How ditching carbon will boost your triple bottom line

Performing carbon due diligence is not only good for the planet and the people living in it. It'll also bring value to your business.

Performing carbon due diligence is not only good for the planet and the people living in it. It will also bring value to your business.

Before revealing how carbon reduction can generate new revenues for your organisation, let’s briefly look at what a triple bottom line is.

What’s a triple bottom line?

Gone are the days where corporate leaders focused on a profit-centred bottom line. Or are they?
Despite being a 30-year-old concept, the implementation and efficacy of the so-called triple bottom line has not yet reached its peak.
This approach implies embedding two additional elements within your business model: Planet and People. With climate change threatening our society, it makes total sense for your company to embrace this three-pronged strategy.

Besides safeguarding the Earth, your decisions should take into account the needs and demands of all your stakeholders (i.e., employees, investors, customers, local community).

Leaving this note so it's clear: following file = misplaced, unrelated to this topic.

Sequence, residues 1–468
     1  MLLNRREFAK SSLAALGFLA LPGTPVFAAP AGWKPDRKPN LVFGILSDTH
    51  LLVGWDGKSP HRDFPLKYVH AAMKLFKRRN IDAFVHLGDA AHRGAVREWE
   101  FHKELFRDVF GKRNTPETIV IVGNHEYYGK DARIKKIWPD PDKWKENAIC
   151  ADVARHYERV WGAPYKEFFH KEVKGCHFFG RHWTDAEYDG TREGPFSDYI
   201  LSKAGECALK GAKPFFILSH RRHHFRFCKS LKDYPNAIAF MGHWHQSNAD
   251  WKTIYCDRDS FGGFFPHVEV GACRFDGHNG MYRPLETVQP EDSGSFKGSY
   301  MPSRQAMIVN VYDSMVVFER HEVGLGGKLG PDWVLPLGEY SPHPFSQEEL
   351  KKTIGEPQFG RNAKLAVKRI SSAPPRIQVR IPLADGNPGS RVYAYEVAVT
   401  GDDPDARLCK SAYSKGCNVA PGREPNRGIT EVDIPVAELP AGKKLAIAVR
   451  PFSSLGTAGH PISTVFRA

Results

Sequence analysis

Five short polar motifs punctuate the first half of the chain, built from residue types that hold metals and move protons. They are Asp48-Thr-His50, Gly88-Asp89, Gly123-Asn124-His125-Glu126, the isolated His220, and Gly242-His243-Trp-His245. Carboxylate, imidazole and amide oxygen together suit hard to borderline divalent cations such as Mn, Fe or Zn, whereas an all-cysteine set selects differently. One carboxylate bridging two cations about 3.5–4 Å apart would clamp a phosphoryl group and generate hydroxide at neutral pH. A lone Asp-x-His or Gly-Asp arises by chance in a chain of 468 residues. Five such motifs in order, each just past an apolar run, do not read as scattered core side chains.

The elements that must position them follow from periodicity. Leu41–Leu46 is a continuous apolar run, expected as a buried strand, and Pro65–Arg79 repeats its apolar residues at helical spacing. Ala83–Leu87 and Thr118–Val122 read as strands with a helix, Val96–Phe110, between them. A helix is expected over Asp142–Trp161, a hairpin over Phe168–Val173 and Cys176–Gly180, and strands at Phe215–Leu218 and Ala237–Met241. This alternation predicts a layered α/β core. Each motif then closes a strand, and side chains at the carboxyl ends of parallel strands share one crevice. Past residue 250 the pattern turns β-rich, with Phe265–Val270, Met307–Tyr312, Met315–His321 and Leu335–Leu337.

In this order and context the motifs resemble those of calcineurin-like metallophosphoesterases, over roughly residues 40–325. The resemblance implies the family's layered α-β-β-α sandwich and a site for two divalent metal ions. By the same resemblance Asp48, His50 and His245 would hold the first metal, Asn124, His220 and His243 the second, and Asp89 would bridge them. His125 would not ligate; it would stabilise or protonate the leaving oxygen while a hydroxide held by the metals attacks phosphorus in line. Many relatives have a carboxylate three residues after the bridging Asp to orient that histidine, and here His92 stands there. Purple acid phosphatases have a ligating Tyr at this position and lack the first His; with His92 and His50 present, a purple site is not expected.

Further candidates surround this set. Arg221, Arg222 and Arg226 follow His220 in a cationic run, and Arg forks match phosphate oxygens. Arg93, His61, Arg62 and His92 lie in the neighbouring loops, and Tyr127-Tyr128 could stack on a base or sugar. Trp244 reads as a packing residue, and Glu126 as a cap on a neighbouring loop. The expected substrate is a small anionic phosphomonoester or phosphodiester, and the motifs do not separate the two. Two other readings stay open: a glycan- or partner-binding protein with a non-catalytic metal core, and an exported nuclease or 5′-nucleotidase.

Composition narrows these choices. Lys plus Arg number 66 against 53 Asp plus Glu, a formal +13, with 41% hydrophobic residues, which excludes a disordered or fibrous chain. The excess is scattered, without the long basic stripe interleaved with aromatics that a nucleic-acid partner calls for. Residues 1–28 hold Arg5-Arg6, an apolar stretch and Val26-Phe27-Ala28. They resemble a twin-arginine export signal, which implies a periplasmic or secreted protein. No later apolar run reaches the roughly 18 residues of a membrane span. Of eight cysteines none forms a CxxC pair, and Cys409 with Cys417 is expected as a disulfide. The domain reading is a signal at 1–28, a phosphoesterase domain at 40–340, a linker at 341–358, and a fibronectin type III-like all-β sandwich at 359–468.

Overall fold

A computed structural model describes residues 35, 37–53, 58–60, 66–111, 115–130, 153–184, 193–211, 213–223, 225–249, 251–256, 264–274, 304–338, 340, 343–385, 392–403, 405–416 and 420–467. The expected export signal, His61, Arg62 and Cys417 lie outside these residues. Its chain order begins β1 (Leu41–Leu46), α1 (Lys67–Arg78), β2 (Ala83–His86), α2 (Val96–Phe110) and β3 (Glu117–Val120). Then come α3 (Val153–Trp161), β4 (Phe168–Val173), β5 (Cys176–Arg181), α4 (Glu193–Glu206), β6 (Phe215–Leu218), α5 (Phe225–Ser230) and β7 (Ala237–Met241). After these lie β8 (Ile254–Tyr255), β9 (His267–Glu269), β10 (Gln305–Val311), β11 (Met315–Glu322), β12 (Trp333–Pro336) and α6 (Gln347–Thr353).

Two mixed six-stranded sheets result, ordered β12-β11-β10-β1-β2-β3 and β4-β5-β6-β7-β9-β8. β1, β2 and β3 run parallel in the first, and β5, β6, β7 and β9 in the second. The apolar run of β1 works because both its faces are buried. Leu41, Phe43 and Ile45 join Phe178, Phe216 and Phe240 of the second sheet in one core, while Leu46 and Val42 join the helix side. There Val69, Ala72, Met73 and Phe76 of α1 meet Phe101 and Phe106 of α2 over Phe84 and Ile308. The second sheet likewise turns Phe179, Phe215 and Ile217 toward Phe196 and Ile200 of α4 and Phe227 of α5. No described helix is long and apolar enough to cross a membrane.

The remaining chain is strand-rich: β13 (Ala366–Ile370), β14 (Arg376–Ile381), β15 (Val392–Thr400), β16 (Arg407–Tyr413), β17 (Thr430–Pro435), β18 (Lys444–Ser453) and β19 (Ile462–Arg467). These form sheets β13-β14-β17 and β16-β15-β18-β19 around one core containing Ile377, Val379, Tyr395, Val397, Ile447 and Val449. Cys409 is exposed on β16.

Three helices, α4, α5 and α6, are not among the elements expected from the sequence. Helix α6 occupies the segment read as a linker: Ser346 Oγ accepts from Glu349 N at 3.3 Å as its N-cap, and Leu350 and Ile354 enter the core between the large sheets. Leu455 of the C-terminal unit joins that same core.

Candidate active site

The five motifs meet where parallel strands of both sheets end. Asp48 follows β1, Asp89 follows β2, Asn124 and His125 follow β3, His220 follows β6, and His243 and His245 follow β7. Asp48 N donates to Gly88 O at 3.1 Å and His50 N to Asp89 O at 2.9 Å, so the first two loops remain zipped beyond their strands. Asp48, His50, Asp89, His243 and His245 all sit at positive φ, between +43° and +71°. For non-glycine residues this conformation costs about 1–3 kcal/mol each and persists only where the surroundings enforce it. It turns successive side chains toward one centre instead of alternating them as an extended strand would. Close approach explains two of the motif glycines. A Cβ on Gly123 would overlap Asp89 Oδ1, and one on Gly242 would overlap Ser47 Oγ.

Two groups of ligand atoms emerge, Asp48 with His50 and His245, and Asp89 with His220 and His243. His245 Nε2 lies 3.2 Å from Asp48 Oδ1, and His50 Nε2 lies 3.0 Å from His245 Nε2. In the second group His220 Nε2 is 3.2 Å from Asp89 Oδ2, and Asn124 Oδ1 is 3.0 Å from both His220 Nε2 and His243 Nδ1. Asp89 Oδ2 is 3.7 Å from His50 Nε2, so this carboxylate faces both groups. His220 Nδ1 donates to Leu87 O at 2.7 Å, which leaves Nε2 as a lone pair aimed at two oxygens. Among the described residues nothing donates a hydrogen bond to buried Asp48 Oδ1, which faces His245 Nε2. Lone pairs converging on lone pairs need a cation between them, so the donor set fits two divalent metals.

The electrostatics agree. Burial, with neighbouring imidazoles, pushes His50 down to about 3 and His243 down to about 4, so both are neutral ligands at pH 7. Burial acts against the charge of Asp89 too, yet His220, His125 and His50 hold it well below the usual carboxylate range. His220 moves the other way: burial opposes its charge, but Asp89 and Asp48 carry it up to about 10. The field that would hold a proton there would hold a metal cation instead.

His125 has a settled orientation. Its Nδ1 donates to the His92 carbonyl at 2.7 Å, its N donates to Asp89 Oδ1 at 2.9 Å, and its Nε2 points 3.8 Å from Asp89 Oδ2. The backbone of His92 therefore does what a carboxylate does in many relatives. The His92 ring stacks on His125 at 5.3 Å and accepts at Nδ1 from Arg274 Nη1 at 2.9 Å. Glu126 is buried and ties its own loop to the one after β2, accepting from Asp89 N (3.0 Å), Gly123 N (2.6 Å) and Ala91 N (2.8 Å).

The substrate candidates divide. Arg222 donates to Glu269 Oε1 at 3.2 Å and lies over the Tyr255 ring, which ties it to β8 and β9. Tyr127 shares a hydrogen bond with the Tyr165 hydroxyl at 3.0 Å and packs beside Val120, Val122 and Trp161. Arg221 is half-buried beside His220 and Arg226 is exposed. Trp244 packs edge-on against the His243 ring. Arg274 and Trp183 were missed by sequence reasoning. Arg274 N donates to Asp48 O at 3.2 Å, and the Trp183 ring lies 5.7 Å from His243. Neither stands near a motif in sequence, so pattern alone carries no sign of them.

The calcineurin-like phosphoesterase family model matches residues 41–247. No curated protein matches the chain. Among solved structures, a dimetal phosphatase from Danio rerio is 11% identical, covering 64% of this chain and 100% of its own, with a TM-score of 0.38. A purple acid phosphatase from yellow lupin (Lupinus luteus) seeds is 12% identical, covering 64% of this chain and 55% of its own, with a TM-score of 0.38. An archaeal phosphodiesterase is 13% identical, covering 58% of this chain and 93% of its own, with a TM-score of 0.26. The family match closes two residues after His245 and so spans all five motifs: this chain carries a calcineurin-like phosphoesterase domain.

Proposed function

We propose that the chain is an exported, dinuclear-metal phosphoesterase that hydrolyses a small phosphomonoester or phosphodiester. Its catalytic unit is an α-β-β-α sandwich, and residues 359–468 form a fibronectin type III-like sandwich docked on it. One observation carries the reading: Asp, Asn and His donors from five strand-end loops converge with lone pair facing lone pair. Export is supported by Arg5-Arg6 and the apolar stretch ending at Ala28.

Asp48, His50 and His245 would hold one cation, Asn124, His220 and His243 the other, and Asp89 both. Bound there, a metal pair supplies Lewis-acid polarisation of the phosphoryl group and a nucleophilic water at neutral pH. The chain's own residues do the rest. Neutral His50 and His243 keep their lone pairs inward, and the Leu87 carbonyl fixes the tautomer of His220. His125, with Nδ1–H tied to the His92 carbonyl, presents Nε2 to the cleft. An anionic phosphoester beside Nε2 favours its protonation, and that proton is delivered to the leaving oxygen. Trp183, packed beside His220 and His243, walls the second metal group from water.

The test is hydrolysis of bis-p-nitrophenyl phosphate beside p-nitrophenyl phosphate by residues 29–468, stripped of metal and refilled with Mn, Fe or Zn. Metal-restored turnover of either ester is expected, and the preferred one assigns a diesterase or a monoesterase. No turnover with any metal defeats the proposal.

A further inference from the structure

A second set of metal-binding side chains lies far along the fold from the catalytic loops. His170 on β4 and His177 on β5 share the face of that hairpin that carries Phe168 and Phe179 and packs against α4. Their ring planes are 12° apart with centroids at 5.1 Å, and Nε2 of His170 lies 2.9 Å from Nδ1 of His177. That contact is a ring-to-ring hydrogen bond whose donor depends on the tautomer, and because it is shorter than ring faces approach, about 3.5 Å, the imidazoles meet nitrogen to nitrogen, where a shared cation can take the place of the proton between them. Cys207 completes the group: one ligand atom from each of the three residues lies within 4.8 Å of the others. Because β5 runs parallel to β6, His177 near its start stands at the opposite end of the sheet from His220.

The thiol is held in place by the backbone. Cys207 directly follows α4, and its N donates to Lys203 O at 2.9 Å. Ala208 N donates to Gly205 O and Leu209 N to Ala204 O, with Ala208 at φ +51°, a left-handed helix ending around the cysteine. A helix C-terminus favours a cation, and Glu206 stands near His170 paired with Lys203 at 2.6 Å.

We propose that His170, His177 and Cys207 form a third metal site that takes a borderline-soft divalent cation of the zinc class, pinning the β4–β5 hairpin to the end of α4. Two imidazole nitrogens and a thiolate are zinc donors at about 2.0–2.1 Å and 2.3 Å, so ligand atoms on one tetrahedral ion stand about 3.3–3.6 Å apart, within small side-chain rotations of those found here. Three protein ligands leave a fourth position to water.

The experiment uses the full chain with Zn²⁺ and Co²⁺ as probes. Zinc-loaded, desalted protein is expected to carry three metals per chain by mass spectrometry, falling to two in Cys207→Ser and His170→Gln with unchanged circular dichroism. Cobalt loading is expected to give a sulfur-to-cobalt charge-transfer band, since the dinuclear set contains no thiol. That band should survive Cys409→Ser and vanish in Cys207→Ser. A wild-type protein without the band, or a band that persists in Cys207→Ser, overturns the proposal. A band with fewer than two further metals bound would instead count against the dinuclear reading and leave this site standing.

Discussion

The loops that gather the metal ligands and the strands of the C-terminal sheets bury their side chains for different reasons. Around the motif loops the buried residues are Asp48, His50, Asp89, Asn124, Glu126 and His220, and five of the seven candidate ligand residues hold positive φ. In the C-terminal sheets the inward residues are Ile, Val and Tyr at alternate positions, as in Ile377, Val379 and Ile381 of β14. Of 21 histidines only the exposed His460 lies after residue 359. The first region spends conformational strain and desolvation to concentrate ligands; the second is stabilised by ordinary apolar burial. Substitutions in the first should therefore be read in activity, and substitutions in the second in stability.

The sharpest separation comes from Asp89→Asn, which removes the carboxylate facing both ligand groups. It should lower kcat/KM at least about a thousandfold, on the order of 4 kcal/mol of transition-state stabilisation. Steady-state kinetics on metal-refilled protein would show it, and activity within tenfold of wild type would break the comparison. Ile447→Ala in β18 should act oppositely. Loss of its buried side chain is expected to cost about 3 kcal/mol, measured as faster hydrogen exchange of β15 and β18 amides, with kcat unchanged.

Ditching carbon is the sustainable link among the three pillars of your climate-friendly framework. But giving priority to sustainability doesn’t come at the expense of your earnings. Quite the opposite indeed.

Let’s find out how…

Saving the planet and money

Our planet should be the top-priority component of any business’ triple bottom line. If you’ve already committed to net-zero targets, you’re on the right track.

Everybody knows global warming is damaging the environment, but some business leaders may not be aware that climate change could negatively impact their financial balance too.

In 2020 alone, climate-induced calamities caused ÂŁ156 billion worth of damage globally. And enterprises are also paying the price for it.

Out of the 750 executives surveyed by Deloitte at the beginning of 2021, about 30% of them reported their companies’ operations were already affected by climate-induced disruptions. On top of that, 1 in 4 firms are running out of primary resources, with energy and consumer sectors being the most impacted.

Cutting down your carbon emissions is vital to future-proof your business and the whole world against natural disasters.